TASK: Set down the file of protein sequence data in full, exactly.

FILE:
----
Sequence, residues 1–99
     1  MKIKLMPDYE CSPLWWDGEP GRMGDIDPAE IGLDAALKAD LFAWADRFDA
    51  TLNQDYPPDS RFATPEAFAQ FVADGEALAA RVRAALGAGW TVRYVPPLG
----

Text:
Sequence, residues 1–99
     1  MKIKLMPDYE CSPLWWDGEP GRMGDIDPAE IGLDAALKAD LFAWADRFDA
    51  TLNQDYPPDS RFATPEAFAQ FVADGEALAA RVRAALGAGW TVRYVPPLG